I know it may be a cop out to use emails as content – but these discussions I have been having with my family have allowed me to articulate my feelings about the election. I have really enjoyed these adult discussion (not that kind of adult discussion – get your mind out of the gutter. Yes that means you GSM) with my Mom and Dad.
And isn’t New Media all about repackaging content 😉
So the conversation started with me pointing to this article in The New Yorker. It is an editorial supporting Obama. It is a long read, but a good read.
I would submit that the author(s) were just a bit biased, Obama, it seems, can do no wrong and McCain no right.
Watched the debate last night. Obama has the ability to tell a good story. McCain didn’t do as well in my view in articulating what he proposes. That said, I am concerned that what Obama proposes is essentially socialism, tax those that have to give to those that don’t. While there are those who really need a hand up, there are also many who won’t take advantage of it when they get it and they will always be a day late and a dollar short. The policy of what I will generously call encouraging lending institutions to loan mortgage money those who have no hope of ever being able to pay it back has its roots in this sort of philosophy. It is also what got us into the financial mess we are in I believe. Bankers used to be known as hard hearted business men but that is what we want looking after the money we deposit with them to invest wisely. Subprime lending with all sort of encouragements to borrow beyond ones means does not in my view constitute good management of my dollar.
Quite frankly, I am concerned that while Obama talks a good line, some of what he is proposing may weaken the country more than strengthen it. On the other hand, I am not sure McCain will really promote a new vision, his ability to articulate his vision isn’t as good as I had hoped. If I had to prioritize my personal concerns, I guess it would be fiscal responsibility first, foreign policy tied with reform of the education system second. Energy policy is right up there at the top but I think it is thoroughly tangled up with fiscal responsibility and foreign policy.
Well, whoever is elected he is going to have a very rough time ahead.
Random thoughts – too busy to be coherent.
I was trying to determine if the New Yorker was a left or right leaning publication – left is my guess 😉
Missed the debate last night – hope to watch it online this weekend.
Agree that there is a tough row to hoe for whomever is elected.
I think that we need to invest in our country. From what I know of the sub-prime mess, we might have gone too far to the left. Hopefully there will be some lessons learned that the future administration(s) will apply. But there is so much that needs focus – transportation infrastructure, medical, social security, energy – we have to find a way to focus and fund these items. As the “greatest nation on earth” why do we have so many people living in a world of hurt. Agree that some people will take advantage of the system but got to think more will be helped than “harmed”.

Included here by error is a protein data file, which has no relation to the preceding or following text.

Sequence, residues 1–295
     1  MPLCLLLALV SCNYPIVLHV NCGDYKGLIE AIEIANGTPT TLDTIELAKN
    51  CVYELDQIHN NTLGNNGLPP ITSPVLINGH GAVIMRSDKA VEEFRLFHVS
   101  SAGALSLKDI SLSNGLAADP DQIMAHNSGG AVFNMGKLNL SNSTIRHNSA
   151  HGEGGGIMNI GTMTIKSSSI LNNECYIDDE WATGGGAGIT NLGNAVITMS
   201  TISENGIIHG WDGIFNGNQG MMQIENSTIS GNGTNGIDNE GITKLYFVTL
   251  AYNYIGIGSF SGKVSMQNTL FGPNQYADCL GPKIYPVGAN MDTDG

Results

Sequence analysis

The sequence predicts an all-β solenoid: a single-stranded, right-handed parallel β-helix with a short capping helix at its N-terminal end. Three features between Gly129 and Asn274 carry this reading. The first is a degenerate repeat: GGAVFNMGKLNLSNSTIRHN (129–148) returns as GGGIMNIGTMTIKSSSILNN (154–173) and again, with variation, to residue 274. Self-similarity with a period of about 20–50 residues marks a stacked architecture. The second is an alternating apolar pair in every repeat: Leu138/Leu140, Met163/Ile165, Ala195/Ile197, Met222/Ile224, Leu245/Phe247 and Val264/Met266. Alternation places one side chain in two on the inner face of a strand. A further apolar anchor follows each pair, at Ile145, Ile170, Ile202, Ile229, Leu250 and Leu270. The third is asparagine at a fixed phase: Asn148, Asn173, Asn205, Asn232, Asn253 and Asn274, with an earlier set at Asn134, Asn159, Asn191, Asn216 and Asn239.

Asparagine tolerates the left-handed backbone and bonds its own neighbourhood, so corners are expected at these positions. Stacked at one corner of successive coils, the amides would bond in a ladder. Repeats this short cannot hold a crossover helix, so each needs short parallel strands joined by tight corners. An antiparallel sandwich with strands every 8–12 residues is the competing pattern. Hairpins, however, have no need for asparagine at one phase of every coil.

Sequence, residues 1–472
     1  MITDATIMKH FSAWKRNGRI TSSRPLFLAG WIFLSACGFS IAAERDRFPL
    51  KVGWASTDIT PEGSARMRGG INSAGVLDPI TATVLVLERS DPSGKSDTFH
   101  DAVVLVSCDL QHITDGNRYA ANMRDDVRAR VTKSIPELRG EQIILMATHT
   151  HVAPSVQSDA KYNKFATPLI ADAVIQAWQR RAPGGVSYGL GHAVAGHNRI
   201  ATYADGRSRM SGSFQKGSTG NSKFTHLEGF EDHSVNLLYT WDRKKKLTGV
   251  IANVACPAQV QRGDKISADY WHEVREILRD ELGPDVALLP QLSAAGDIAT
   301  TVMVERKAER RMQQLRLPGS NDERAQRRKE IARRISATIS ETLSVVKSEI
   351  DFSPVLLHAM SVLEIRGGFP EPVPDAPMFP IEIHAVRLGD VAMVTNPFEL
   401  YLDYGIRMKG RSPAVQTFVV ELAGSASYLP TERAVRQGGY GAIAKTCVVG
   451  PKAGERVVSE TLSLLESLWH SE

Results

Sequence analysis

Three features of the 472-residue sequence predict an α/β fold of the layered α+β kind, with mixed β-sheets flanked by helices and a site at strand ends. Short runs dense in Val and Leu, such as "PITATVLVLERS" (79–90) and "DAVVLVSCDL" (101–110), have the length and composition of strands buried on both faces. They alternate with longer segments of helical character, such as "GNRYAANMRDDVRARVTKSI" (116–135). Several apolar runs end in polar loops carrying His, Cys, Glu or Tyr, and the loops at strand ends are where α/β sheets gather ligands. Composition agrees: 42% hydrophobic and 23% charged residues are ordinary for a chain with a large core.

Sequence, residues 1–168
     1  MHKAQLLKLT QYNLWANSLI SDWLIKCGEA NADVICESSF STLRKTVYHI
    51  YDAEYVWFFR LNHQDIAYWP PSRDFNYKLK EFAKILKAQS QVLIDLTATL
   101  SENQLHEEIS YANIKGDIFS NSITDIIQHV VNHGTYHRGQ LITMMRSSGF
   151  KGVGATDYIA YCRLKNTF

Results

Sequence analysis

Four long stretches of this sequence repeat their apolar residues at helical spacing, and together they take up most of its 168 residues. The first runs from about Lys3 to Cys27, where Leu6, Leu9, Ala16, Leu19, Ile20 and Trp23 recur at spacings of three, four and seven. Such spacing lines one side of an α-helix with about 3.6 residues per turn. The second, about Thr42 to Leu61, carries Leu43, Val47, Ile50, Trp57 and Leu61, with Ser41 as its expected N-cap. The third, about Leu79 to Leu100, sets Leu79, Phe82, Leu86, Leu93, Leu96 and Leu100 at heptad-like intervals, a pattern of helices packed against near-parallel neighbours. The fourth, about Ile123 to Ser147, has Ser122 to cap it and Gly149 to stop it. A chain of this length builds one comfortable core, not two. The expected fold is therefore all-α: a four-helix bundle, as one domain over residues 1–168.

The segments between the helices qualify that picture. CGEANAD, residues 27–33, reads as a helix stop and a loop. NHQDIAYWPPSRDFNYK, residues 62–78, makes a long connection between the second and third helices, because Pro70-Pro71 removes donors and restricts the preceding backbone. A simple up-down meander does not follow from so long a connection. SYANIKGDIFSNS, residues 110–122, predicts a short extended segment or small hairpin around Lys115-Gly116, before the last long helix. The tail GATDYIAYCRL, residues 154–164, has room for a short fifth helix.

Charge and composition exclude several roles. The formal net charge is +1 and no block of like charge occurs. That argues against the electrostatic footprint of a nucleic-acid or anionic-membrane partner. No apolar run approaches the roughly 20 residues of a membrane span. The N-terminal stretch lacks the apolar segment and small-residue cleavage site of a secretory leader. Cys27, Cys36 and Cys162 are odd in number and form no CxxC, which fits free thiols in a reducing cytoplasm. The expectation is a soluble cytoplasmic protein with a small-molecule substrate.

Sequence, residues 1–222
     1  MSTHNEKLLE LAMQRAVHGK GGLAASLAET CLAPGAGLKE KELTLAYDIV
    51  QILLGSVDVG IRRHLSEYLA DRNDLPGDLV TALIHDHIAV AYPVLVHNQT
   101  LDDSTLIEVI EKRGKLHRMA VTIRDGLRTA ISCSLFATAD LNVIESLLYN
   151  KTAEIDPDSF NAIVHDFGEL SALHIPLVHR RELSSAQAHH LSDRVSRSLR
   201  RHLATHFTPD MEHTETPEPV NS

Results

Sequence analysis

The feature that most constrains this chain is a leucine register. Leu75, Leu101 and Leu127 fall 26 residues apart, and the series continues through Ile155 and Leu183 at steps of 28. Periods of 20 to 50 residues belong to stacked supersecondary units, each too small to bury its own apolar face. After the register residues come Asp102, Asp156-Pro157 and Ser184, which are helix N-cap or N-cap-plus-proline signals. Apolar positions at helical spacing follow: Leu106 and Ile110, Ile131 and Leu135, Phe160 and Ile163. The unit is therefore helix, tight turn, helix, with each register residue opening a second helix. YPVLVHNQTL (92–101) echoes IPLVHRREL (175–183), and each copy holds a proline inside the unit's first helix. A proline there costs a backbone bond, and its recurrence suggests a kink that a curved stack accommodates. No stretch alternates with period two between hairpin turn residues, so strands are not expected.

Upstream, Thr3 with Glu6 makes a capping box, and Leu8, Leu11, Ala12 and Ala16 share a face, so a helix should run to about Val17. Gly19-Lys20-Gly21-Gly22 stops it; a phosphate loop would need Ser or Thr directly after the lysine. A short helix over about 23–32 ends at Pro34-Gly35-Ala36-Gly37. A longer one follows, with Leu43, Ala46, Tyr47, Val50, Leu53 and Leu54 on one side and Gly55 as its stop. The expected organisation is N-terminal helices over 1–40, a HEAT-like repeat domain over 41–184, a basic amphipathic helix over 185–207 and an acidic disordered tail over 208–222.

I am not proposing we go as far down the socialist road like we see in the Nordic countries, but it seems like in general the population is happy and well taken care of (Scott – please jump in on this one) [ed. – my brother, Scott, lives in Norway]
I am not proposing we become isolationist – there are a lot of wrongs in the world that we can affect in a positive way – but we need to get our shit together before we go off solving everyone else’s shit. Also think an administration that is more focused on diplomacy would be able to work with allies and leverage everyone’s resources to resolve a number of the world’s issues.
Everyone is talking about the need for change, but the pessimist in me says that by mid next year we will be back to more of the same. I don’t see a significant change taking place in the way Washington works. Too much $$. Too much greed. Too many lobbyists. Too much of doing what is good for my district so I can get re-elected. I mean come on – they added approx $150B on top of the $700B package so they could get the votes. What a load of crap. Managing by committee is a crappy way to do anything. Never works in business and sure as hell does not work in Government
Enough for now.
Maybe the New Yorker was just trying to make amends to Sen. and Mrs. O for the cartoon they ran a few months ago. My guess is that both the New Yorker and the NY Times are pretty left leaning in the view of us here in the west.
I too am of the pessimistic bent. More than likely by mid 2009 things will be back to business as normal in Washington DC. As you point out there are to many there who have as a first priority their own pocket book and getting reelected rather than doing things for the good of the country. One can pick just about any subject from energy to immigration to social security to health care to steroid use in the baseball world and find that little has been accomplished by the politicos in the past decade except talk and grandstanding. I don’t know what the solution is but I would advocate just throwing out the whole bunch of rascals and scalawags if I weren’t concerned the new bunch would probably turn to the same old group of lobbyists and other assorted ‘experts’ to figure out what they should be doing and things could easily be worse than before!! Not a happy state of affairs.
Well said Dad – well said. Not much more I can add to that.
It is interesting to find out that our political leanings are closer than I thought to be – like Father, like Son.